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Nintendo intends to maintain a steady stream of releases for Switch

Posted on October 25, 2017 by (@NE_Brian) in News, Switch

Update (10/25): Koizumi relayed many of the same points made to Famitsu as he did with 4Gamer. Also mentioned is that we can look forward to more than just Nintendo’s traditional IPs on Switch.

Original (10/23): 4Gamer published a new interview today with Super Mario Odyssey producer Yoshiaki Koizumi. It was mainly about that game as you would expect, but the piece also contained some talk about the Switch in general. It’s worth noting that Koizumi was the overall general producer of the Switch hardware.

Towards the end of its interview, 4Gamer brought up how Switch is getting a number of big games at a steady pace in its first year. The site almost feels like Nintendo compressed a five-year console cycle into just one year.

In response, Koizumi noted how the beginning is important when establishing a game console. Not only is the amount of software is important, but also how long it takes in which people become satisfied in playing them. Switch was released in March rather than at the end of year where the battle for sales is basically at its peak, with Nintendo wanting to properly line up the idea of how Switch can be played before the holiday season.

Koizumi went on to talk about how Nintendo’s various games hit on different points. For Zelda: Breath of the Wild, Nintendo wanted people to feel the surprise of Switch letting you take a home console-quality game on the go. 1-2-Switch was made for explaining the Joy-Con, and Mario Kart 8 Deluxe is to let people experience the idea of sharing controllers. Then Splatoon 2 is to convey the fun of local multiplayer, and ARMS is a way to show that Nintendo is also creating new IPs. The company also calculated the timing to release Super Mario Odyssey, and Xenoblade Chronicles 2 is being prepared for those who want a full-fledged RPG. Koizumi did note how it was really hectic to make these titles fit just right into the schedule. 4Gamer pointed out how this was the timing becomes very important because each title has its own role, to which Koizumi agreed with.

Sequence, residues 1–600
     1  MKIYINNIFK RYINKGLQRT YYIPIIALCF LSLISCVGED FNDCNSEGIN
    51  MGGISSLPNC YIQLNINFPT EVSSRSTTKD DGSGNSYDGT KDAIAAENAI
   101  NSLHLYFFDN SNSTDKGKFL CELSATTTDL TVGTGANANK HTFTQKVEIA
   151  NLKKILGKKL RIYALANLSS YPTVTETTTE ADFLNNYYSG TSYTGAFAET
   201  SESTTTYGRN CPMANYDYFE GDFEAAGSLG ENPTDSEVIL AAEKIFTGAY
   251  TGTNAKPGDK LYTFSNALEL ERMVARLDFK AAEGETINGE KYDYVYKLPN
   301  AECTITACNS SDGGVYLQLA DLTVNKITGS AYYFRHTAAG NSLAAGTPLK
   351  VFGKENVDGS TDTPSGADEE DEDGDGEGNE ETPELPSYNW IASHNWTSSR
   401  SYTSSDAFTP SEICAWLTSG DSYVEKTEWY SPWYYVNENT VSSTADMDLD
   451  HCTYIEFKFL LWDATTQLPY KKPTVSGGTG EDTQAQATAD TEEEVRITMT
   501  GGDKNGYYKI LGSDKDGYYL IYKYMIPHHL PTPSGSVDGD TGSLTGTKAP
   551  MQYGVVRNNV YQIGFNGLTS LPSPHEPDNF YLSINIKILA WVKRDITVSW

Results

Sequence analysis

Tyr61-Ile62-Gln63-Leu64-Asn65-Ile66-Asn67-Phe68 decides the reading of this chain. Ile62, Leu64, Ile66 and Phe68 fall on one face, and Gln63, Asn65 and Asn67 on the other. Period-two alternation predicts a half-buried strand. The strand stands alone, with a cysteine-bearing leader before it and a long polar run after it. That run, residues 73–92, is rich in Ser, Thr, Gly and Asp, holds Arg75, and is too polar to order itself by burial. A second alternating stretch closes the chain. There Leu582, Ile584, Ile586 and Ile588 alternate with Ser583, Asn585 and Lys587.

4Gamer closed out this section of the discussion by bringing up some concerns that Nintendo won’t be able to maintain its strong pace of software since so many mainstay games were brought out this year. However, Koizumi said that things are being constructing in such a way that the steady pace will be maintained. Also, Nintendo still has a number of IPs left. Koizumi added that there should be many third-parties that will look into the ways of using the console, so there is that to look forward to that as well.

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